January has not been an enticing month to be outside. However you can’t keep an outdoors girl inside for too long so a plan was hatched to get out whatever the weather this weekend. Given that the chance of us walking in the rain without any hint of an expansive view was approaching 100% a plan was made for a country walk, near Bristol, involving a pub.
Getting out my handy ordnance survey map I plumped for the area known as Goblin Combe – mostly because of its cool name although the fact that it made a nice destination for a loop from Wrington (home to the delightful ‘The Plough’ country pub) certainly added to its appeal.
Arriving in Wrington we parked up and the first thing I saw was a sign for Bristol, 10 miles it said. It really made me sit up and think about the countryside we have on our doorstep. Sometimes we all need a dose of fresh country air but we feel there are boundaries stopping us; they may be time, transport or a feeling the we are hemmed in, stuck in our urban boltholes. I want to really make a commitment to explore some more of my local area, meaning I can have a weekend that combines the best of town and country.
Good if slightly muddy bridleway took us up and out of Wrington into the heart of Goblin Combe. An evil Goblin force had clearly been at work as the powers that be had replaced our chosen path with a river… Some true adventuring was required to navigate down the valley with dry feet sustained.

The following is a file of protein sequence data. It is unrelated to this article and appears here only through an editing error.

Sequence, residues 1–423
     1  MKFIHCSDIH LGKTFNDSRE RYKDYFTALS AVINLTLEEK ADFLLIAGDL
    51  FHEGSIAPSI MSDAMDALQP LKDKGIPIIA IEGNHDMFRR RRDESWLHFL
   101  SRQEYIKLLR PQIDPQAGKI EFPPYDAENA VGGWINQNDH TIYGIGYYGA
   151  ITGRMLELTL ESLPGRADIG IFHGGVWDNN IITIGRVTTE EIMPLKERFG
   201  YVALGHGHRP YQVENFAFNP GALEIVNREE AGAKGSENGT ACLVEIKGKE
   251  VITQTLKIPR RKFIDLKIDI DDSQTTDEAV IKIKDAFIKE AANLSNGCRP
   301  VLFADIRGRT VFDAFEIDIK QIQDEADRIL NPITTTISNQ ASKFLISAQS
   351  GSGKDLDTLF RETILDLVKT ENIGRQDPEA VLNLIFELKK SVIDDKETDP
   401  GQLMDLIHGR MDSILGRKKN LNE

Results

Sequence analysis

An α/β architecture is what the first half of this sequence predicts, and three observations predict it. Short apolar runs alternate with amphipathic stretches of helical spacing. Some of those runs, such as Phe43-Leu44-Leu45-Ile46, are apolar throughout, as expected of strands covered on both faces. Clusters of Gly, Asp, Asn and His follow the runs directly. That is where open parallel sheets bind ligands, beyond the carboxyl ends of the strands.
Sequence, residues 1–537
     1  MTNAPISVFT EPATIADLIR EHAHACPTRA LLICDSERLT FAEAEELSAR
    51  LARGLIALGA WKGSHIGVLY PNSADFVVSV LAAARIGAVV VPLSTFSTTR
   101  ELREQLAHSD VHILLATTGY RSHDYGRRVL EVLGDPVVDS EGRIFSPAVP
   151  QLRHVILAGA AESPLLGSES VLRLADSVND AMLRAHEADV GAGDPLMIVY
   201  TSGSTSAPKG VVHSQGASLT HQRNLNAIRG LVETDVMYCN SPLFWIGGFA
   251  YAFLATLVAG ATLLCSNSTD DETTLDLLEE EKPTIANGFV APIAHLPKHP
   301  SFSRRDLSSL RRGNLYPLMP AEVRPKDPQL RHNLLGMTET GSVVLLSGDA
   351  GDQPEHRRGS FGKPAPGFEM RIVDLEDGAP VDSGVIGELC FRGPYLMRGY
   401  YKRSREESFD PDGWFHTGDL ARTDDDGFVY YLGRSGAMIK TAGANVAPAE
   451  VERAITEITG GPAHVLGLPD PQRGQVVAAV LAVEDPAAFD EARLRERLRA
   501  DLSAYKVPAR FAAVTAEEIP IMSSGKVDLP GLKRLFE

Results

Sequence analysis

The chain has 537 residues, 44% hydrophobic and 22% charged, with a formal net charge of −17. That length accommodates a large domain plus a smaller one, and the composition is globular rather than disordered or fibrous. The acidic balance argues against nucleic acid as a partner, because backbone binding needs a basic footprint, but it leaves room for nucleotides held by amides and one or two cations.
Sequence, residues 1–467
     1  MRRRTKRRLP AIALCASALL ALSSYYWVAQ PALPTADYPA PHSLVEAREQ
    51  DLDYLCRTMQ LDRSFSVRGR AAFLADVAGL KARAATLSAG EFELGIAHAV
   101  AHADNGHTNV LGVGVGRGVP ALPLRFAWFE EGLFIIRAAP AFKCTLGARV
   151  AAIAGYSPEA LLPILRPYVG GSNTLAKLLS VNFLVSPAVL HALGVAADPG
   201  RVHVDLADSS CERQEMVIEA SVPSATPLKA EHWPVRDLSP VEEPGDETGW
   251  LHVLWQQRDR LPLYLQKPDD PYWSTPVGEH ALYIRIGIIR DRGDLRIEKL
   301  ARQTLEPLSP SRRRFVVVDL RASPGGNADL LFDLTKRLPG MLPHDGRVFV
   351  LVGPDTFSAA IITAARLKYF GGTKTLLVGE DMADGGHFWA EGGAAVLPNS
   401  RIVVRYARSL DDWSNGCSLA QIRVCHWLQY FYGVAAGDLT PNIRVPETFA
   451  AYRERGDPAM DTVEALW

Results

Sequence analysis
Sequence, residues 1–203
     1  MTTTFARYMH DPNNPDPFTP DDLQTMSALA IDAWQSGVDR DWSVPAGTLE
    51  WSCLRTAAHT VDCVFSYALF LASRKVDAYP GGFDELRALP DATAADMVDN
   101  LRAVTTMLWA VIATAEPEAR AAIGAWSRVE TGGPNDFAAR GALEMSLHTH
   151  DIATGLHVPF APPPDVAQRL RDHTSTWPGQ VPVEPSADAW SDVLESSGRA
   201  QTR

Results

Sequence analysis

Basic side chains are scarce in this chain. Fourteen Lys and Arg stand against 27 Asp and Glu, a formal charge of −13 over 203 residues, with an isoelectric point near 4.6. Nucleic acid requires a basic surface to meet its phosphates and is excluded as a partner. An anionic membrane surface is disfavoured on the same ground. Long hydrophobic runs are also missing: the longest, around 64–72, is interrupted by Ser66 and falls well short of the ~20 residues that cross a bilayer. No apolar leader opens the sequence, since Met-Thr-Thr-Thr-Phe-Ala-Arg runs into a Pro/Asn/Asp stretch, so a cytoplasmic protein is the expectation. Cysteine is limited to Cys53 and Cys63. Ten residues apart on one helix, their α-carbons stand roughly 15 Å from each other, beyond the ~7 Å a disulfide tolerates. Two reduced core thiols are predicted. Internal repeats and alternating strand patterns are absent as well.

Always one to enjoy an educational factoid on a walk we learnt that Goblin Combe was one of six valleys all lying parallel to each other that had been carved out by rivers during the last ice age. It was fairly easy to imagine those raging torrents of what I can only describe as a biblically wet Saturday.
A route back up and over Cleeve Hill via Kings Woods showed us some beautiful early signs of spring along with the buds of what I suspect (my plant knowledge is pretty poor) will be a spectacular display of bluebells later in spring.
Once safely out of the weather ensconced by the fire in The Plough at Wrington we learnt all about the local issues and debated whether the Molecatchers advert was possibly the best we’d ever seen. We dried out kit and ourselves by the fire and indulged in some delicious food made all the better by the warm welcome we received despite looking like savages that had just returned from a month living wild.
All in all a perfect adventurous walk with an excellent pub all within 10 miles of Bristol. Happy days.
I’d love to hear any suggestions for more local adventures.